Middle managers are unquestionably a vital part of the workforce and help the organization in implementing its vision, culture, and strategy to its employees. However, despite recurring signs that there is a dearth of middle management level across industries, the situation hasn’t improved. Furthermore, limited attempts have been made to comprehend and understand the unique set of challenges, trends, and factors that govern middle management hiring. A recent TimesJobs survey of 755 HR managers, however, does precisely that, it reveals insightful findings about the Indian middle management.
Following are the highlights of the same:
• Middle Management Hiring: Over the last year, 40% of the respondents reported a rise in the hiring of middle management executives, 28% said that the hiring has stable, whereas 32% reported a decrease in the same.
• Job Attraction for Middle Managers: While the most HR managers (44%) believe that middle managers are attracted by a challenging work profile, 32% said that learning and development opportunities are the top choices, 12% reported the same to be money and 8% said that the designation was the biggest draw.
• Middle Management Engagement: 40% of the respondents believe that rewards and recognition keep middle managers engaged, and another 40% are of the view that a challenging work profile is the biggest engagement factor. The remaining are 'authority' (18%) and money (2%).
• Challenges in Middle Management Hiring: The biggest challenge in hiring middle managers is getting the right managerial skills (72%), getting the right domain skills (20%) and managing salary expectations (8%).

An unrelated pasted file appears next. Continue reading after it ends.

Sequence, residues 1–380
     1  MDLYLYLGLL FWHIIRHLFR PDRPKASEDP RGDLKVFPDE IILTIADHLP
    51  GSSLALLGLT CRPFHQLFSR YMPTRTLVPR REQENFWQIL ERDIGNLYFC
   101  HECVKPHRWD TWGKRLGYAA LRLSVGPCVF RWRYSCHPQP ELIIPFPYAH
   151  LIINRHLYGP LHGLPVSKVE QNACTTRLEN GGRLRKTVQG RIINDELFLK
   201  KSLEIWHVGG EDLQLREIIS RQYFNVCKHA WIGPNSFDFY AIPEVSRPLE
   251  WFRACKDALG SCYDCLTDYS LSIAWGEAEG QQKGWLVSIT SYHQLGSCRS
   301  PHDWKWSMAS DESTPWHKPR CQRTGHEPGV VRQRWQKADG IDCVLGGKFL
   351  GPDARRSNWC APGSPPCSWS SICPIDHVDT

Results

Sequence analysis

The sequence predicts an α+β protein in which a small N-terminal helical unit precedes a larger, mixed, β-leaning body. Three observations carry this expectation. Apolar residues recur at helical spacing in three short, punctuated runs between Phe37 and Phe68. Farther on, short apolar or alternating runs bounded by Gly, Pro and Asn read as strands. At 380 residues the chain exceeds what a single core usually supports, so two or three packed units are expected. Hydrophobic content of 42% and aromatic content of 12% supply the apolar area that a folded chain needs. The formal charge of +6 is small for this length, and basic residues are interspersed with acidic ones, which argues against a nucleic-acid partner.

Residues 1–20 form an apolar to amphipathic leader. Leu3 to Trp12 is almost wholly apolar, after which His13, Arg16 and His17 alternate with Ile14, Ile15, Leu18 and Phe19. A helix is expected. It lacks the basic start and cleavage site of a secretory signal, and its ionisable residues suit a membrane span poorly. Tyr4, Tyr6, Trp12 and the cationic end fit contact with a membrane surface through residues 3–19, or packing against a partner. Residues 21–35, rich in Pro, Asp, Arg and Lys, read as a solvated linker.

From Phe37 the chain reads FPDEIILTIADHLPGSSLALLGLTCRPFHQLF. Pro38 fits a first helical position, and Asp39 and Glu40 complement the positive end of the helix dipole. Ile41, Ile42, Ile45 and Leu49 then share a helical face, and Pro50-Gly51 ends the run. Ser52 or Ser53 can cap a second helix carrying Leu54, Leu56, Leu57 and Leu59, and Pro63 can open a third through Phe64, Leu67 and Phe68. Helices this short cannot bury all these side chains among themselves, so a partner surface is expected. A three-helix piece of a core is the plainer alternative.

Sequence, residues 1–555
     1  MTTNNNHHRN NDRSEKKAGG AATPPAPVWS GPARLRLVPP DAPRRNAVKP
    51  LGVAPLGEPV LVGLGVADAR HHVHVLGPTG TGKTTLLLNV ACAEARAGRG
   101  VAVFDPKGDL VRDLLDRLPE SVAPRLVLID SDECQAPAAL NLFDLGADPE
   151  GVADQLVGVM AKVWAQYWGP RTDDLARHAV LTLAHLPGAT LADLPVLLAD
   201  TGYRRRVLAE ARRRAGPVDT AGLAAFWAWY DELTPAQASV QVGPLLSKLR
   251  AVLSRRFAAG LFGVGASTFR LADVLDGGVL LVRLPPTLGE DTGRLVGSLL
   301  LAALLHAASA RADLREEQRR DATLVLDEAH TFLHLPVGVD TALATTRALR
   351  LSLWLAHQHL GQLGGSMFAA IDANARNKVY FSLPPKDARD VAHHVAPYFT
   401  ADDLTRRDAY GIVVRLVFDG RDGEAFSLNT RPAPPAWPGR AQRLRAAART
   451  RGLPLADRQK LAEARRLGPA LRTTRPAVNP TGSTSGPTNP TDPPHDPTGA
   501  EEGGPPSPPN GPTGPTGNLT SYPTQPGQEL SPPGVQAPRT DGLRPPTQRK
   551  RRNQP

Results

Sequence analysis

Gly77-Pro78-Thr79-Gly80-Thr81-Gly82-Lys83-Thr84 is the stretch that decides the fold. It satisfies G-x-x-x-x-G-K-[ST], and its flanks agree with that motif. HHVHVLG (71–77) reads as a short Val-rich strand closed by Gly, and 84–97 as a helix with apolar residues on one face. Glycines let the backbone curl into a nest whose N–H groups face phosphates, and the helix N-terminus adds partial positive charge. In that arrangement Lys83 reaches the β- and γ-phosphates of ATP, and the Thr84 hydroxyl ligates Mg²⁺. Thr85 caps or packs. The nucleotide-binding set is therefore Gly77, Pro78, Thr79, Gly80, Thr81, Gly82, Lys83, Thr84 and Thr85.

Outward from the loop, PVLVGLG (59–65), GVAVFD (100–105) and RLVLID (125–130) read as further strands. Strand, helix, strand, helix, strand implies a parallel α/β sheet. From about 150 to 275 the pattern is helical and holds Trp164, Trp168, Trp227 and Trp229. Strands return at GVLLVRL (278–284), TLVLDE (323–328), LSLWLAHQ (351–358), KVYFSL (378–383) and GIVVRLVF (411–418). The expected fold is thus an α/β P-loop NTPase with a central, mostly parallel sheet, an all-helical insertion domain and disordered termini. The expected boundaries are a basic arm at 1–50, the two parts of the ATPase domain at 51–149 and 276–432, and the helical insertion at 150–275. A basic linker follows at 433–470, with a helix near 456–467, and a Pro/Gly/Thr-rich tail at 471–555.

• Skill Gap in Middle Management: While 68% of the respondents see a skill gap in the middle management, 44% feel that the skill gap has widened over the last three years. However, 32% did not witness a skill gap, and another 32% feel like it has diminished. Only 24% feel that it has been the same.
• Bridging the Skill Gap: While 36% of the respondents plan to use in-house training to bridge the skill gap in middle managers, while 32% said that job rotation is the preferred method. Furthermore, 30% reported virtual training programs and only 2% opted for specialized courses.
The findings reveal interesting information regarding middle managers in India. While a few results are in line with other overarching trends, like rewards and recognition being a top engagement factor and a challenging work profile being a top attraction, some are also unique. For example, the fact that 72% of the respondents believe that leadership skills are lacking and 68% report a skill gap shows the acute shortage of capable leaders who can assume middle-level managerial positions. Organisations need to build a sustainable talent pipeline to ensure that the challenge is nipped in the bud, and doesn’t become an insurmountable issue in the future. Furthermore, adequate learning and development interventions need to be undertaken, internal or external, to help potential leaders grow into well-rounded leaders. To conclude, the middle management of today and tomorrow require sufficient resources, attention, and effort from senior leaders to develop their potential, and contribute to the growth of the organization to the best of their ability.